Splatter – October 2007

Around 1990, Linus Torvalds, a Finlander, was a university student and couldn’t afford to purchase a copy of Unix. Doing what any good student does, he wrote his own kernel. On September 17, 1991, Linus released the first version of the Linux kernel. Instead of creating yet another proprietary software product, Linus made the Linux kernel a community software development effort.

Strictly speaking, the name Linux only applies to the kernel. The kernel is the core of the operating system, and provides services to both the hardware and to user applications. In the world of Linux, knowing the version of the kernel that you are running is like knowing the model of car that you are driving. Current versions of Linux run a version of the 2.6 kernel. For example, the latest release of the Fedora Linux kernel is based on the 2.6.22 kernel. You can always find out the version of the kernel by entering the command uname -r.

While the kernel does it job quietly in the background, you run applications from the command line for from a graphical environment. Many of the command line applications, including the C compiler, are part of the GNU project, which dates back to 1984. Richard Stallman create the Free Software Foundation 1985, and development the GNU General Public License (GPL). The GNU open source applications that were developed for Unix, were ported to Linux. Thus, Linux has a definite Unix-like touch and feel. Using the GPL license as a foundation, different communities developed and maintain different software products, such as Gnome, KDE, OpenOffice, and 1,000’s of other products. The latest release of Debian Linux comes with over 18,000 software packages.

It is the packaging of all the products into a installable product that makes a distribution of Linux. Like everything else in Linux, if I don’t like what is out there, I can create my own distribution. Yet, everything is bound together by the common Linux kernel and the community nature of the software applications. The major distributions of Linux are as follows:

  • Red Hat Linux / Fedora — One of the three major distributions of Linux, Red Hat sells Red Hat Enterprise Linux (RHEL), and sponsors the Fedora Project. The Fedora Project is the free, open source, and leading edge edition. You can download the latest version of Fedora by following the links from http://fedoraproject.org. Be aware, Fedora is the lead developer in Secured Enabled Linux (SELinux). Unless you are ready for extreme security, you need to disable SELinux during the installation. All distros support SELinux, only Fedora makes it a big deal. The default desktop is Gnome.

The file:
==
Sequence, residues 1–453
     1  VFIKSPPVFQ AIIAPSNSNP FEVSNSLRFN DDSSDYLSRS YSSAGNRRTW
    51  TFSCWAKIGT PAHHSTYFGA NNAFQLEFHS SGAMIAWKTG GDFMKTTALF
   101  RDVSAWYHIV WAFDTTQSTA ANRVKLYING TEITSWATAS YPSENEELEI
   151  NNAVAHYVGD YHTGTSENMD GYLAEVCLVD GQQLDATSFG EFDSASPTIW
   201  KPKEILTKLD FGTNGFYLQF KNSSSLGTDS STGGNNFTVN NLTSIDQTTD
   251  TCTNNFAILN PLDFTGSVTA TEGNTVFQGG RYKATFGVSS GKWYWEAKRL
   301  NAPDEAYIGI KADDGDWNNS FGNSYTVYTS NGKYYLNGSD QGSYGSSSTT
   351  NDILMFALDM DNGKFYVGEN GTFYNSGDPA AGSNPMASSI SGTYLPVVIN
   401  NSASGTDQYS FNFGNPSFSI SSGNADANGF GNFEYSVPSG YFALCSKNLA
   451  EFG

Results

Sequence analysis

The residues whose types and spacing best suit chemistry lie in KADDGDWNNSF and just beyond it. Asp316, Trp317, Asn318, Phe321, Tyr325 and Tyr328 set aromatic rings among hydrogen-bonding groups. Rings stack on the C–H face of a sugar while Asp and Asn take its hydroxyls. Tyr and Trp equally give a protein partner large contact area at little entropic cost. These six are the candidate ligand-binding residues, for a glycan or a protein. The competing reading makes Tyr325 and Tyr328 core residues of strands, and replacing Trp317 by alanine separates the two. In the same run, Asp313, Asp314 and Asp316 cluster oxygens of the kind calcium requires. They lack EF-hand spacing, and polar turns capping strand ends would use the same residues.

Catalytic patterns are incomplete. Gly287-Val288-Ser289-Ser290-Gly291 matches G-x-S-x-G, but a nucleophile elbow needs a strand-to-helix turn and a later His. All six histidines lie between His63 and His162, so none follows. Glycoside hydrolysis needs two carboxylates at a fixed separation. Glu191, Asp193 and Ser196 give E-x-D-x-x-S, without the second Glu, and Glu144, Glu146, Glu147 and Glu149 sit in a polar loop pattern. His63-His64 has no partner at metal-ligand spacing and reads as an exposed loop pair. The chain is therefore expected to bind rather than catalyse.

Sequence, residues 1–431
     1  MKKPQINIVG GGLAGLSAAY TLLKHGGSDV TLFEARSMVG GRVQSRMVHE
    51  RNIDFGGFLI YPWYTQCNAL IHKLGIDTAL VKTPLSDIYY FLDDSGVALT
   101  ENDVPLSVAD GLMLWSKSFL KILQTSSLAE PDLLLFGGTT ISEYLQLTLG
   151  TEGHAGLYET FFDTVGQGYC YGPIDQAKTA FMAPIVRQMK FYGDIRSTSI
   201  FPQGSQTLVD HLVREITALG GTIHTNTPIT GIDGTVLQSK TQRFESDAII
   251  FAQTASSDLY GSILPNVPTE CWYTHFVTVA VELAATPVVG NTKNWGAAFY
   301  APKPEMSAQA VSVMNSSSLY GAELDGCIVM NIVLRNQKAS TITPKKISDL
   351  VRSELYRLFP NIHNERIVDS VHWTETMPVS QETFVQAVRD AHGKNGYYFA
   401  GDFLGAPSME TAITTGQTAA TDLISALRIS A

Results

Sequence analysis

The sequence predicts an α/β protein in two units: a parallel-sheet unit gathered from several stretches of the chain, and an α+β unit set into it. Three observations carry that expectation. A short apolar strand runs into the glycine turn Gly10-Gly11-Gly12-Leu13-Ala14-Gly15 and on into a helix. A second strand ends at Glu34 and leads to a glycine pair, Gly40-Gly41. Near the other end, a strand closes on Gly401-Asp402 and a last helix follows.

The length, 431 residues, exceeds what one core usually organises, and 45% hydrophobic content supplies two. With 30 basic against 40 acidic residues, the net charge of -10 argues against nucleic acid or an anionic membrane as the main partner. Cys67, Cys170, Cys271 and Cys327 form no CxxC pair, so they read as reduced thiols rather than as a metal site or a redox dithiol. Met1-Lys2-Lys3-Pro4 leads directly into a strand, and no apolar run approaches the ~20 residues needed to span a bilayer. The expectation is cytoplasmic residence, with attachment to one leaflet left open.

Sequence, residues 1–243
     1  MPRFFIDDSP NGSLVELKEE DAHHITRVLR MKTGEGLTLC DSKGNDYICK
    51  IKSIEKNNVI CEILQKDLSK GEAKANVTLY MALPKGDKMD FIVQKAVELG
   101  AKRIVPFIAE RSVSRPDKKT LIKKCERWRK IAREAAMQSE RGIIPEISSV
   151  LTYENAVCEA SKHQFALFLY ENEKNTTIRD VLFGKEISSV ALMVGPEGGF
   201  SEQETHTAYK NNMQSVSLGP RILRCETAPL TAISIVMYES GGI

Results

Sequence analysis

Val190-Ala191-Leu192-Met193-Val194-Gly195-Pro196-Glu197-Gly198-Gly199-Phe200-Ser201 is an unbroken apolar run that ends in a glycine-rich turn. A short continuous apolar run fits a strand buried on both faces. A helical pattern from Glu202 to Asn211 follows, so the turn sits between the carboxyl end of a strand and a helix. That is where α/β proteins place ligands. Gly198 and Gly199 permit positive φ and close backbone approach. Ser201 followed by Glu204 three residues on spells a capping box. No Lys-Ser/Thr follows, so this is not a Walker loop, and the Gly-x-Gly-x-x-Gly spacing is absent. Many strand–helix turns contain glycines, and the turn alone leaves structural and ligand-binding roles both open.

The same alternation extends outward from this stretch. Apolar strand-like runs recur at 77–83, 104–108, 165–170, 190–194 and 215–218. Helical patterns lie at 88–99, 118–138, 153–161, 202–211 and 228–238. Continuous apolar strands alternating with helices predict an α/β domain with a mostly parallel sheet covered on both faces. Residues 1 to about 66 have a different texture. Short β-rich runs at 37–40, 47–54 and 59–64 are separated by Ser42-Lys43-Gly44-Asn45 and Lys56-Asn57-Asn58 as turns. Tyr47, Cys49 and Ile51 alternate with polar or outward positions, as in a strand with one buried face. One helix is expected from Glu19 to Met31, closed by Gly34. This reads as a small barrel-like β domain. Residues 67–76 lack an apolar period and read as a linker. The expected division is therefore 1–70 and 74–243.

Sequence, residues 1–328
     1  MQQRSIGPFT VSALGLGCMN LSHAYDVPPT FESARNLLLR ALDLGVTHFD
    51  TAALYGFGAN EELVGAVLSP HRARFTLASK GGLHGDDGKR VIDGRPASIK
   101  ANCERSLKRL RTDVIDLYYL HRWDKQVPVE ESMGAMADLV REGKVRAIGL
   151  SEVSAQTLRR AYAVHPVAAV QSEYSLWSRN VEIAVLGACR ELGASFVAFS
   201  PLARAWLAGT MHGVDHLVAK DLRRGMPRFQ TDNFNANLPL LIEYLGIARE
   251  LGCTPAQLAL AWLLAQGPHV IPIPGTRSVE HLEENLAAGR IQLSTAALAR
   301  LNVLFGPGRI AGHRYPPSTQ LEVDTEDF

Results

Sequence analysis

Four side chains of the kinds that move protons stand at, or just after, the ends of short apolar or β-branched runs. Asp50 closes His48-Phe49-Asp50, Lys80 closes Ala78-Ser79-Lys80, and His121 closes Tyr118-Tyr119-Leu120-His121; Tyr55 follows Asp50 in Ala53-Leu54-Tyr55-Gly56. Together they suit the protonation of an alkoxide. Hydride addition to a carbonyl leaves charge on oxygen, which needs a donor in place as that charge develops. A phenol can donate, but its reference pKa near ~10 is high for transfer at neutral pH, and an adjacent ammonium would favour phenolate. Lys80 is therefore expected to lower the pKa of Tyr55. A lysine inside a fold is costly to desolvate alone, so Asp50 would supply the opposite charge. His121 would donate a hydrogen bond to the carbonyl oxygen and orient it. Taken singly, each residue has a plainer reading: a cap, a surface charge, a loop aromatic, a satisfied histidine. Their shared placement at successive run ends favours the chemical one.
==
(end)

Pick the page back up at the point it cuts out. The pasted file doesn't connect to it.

• SUSE Linux — Now owned by Novell, SUSE Linux has and enterprise edition (SLED) and a pure open source edition called openSUSE. SUSE Linux is one of the easiest to install. It uses the KDE (K Desktop Environment, because K is one less than L) graphical desktop, and the kernel includes the AX.25 drivers for amateur radio. You can download the latest version from www.opensuse.org. You can also purchase a boxed edition from Novell.
  • Debian Linux — Debian is a community project, and emphasizes free software. Version 4.0 comes on three DVDs, and sport 18,000 plus applications. It has the largest collection of ham applications of any distribution. Debian is not as fancy as Fedora or SUSE, but it is an excellent edition with a default Gnome desktop. In the crazy world of open source, the Firefox browser is IceWeasel in Debian, and Thunderbird is IceDove.
  • Knoppix Linux — The first Live CD (now DVD) edition of Linux. Live CD editions are a great way to explore Linux without having to install it. If you want to keep any changes you will need space on your disk, or memory stick. Knoppix is my favorite Live DVD version. It is based on Debian Linux.
  • Ubuntu — Ubuntu is another Live DVD version of Linux, and is also based on Debian Linux. You can install Ubuntu, but it assumes that it is the only version of Linux on the machine. Ubuntu comes in a other flavors (Kubuntu and Xubuntu).

The above was a short list of Linux distributions (distros, in Linux speak). You can find a complete list at http://en.wikipedia.org/wiki/List_of_Linux_distributions. If you are like me, downloading multiple gigabytes is tedious. You can purchase CD and DVDs from a number of sources. I use www.linuxonline.biz, or www.discountlinuxdvd.com. You can stock up on a half dozen distros for less than $20, including shipping.

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